Cedar Hill Museum of History

Cedar Street looking west from Main (about 100 years ago)

Where the past meets the present

Cedar Hill, first known as the cedar brakes, was founded around 1846 by a small group of settlers from the Peters Colony. They traveled to the Dallas area of North Texas on horseback and by ox-drawn wagon following trails beaten into existence by Indians, buffalo and explorers. They came seeking a place to build their homes, to socialize, worship and conduct business.

Attracted to the area by its lush natural beauty, the elevation and rocky slopes provided settlers a panoramic lookout and protection from intruders. The area also offered dense forests, rich Blackland soil, abundant creeks and streams, and opportunity.

Our forefathers turned this rugged territory into the thriving city it is today through hard work, ingenuity, foresight and sheer determination — a city steeped in family values, tradition and rich in history. See our page on the City of Cedar Hill website.

If you would like to join the Museum, download our membership application. The Cedar Hill Museum of History meets the first Tuesday of each month at 607 Cedar Street.

See our displays at the Cedar Hill Government Center, the Zula B. Wylie Library, and at the new Babe's Chicken Dinner House.

Outstanding Citizen of the Month – January, 2010

Lois Duvall Cannady was raised in Midlothian and in 1946 married Joe Cannady, a native of Cedar Hill. At that time Cedar Hill had 750 residents, two grocery stores, one barber shop, one cleaner, a post office and a drug store in the downtown area with a few scattered service stations.

From 1953 until retirement in 1994 Lois was employed as a land supervisor for an independent oil operator and usually carpooled to Dallas. In 1982 she and Joe purchased and restored the 1908 “Cannady House” and enjoyed gardening, antiquing and traveling.

In the early 1980’s she and five others organized the Cedar Hill Historical Society and she served as president for four years and continues to be an active board member. In 1984 she was honored as Chamber “Woman of theYear” and in 2002 she was Country Day “Queen of the Hill”. The Cedar Hill Masonic Lodge honored her as “2004 Community Builder” and in 2009 she was given the “Golden Cedar” award by the Chamber. She served as first president of Bridges Safe House and continues to be an active board member.

The community of Cedar Hill is blessed and privileged that Lois continues to call Cedar Hill home.

Outstanding Citizen of the Month – December, 2009

Greg Patton is from Terrell, Texas and met his wife, Linda Clark who is from Cedar Hill, while in college at Texas A & M at Commerce which was then East Texas State University. He received a B.B.A. degree in Economics and Finance. After working a short time at Ling Temco Vought in Grand Prairie he joined his father-in-law’s insurance business in Cedar Hill. He was a volunteer fireman for twenty years and retired in May of this year as City Councilman after serving for nine years.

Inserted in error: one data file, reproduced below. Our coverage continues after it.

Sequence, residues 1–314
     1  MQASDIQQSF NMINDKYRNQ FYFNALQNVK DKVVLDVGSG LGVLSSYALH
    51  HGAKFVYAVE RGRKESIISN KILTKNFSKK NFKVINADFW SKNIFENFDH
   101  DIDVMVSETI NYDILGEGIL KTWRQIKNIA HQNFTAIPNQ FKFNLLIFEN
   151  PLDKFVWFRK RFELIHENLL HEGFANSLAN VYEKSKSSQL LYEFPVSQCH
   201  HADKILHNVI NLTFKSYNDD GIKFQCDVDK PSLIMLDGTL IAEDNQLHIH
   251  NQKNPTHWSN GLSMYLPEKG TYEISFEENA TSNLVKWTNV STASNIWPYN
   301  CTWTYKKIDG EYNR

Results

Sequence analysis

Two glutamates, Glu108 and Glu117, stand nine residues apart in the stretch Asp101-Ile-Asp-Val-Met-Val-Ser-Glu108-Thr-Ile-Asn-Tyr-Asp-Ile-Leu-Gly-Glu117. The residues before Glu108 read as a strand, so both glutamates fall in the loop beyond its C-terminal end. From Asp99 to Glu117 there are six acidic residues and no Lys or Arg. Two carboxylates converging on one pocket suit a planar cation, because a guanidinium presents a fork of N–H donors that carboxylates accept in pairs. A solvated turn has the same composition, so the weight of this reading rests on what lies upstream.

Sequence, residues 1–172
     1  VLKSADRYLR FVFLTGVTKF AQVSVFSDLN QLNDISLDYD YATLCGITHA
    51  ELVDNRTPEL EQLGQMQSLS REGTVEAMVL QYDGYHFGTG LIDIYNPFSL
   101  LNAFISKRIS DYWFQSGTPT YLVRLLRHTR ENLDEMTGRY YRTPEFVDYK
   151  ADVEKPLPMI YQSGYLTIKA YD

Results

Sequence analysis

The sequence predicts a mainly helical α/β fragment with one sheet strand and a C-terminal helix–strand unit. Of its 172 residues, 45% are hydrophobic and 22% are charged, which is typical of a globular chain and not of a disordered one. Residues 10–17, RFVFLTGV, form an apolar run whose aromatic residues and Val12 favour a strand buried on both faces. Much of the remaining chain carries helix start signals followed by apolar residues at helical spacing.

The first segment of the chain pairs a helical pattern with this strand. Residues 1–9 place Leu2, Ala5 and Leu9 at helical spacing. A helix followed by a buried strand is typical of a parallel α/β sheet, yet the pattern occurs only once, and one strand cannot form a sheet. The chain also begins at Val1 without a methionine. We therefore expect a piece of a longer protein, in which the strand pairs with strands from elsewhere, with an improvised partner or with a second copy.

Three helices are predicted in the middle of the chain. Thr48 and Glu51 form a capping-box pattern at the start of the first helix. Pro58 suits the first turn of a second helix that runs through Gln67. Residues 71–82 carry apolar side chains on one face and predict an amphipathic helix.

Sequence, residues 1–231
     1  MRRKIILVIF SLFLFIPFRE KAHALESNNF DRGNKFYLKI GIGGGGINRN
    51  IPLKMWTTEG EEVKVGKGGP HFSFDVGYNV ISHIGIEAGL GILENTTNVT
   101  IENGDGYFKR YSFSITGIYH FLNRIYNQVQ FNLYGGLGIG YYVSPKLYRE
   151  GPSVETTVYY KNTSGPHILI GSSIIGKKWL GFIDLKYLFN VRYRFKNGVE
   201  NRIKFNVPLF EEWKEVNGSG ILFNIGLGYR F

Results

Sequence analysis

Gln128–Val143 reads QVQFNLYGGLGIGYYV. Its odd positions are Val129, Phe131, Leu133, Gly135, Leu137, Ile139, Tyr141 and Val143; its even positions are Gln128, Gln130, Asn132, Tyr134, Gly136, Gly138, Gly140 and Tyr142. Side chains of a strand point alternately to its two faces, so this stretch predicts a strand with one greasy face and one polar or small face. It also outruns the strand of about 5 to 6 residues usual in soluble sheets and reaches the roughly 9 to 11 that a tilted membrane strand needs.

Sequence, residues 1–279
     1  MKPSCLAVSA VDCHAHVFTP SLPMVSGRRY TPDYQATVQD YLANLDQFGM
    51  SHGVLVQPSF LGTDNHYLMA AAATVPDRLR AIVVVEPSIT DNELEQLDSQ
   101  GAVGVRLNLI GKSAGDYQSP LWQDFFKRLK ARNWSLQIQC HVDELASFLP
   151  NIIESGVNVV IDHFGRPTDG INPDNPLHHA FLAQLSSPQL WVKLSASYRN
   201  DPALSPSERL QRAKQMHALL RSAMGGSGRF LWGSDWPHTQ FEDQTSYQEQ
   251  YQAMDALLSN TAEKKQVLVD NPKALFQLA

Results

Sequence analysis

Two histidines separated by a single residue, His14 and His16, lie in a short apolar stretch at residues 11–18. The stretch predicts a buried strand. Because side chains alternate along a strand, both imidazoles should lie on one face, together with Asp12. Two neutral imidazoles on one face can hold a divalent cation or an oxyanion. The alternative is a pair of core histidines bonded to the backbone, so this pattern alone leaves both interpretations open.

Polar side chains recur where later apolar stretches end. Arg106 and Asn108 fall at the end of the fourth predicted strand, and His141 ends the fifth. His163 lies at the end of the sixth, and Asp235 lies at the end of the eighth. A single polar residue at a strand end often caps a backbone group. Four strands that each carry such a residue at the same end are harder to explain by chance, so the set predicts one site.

Greg and Linda have a daughter, Jenny, and a son, Jay who runs the family business. The family has been involved with the Cedar Hill Church of Christ since the early 1950’s. Greg served as chairman of the Home Rule Charter Commission in 1975, past President of the Chamber of Commerce and Lion’s Club. They have four grandchildren with one, Audrey, being a fourth generation student of the Cedar Hill ISD.

Outstanding Citizen of the Month – November, 2009

Peggy Mayfield Wilson was born in Austin, Texas, on March 24, 1927. Peggy’s parents did without many things in order for her to attend the University of Texas where she received degrees in chemistry. She has a proud heritage with her great great grandfather sacrificing his life in the Battle of the Alamo and his brother in the Battle of Goliad.

In 1953 she moved to Dallas when hired by Magnolia Petroleum company (Mobil Oil Corp.). She was Mobil’s first female Ph.D. and became their first woman manager of a research group where she traveled to Europe for duties on drilling rigs 100 miles offshore Norway in the North Sea. In Mobil’s behalf, she authored about 15 U.S. patents and about 30 in Canada and Europe. In 1989, she and her husband, W.W. Wilson, III, Lt. Col., USAF retired in Cedar Hill.

From lengthy volunteer service in the Dallas city plan department, she realized that Cedar Hill was about to grow rapidly and would need more money for infrastructure. The city council agreed and assigned her the task of establishing an economic development program, which citizens soon supported in a sales tax election. She chaired the comprehensive plan committee in the 1990’s and was Cedar Hill’s first woman city council member. She continues civic and school volunteer activities.

Our Next Event

The Cedar Hill Museum of History board meets the second Monday of each month at 6:30 pm at 607 Cedar Street. 

Hours and Location

(972) 293-3806

607 Cedar Street
Cedar Hill, Texas 75104
in Historic Downtown

and by appointment
(Call 214 769-8425)

Now on Display

Charles E. Finsley
Memorial Fossil Exhibit

Friday through Saturday
11 am to 3 pm
by Alan Peters,

Paleontologist Alan Peters with Museum visitor Josh Porter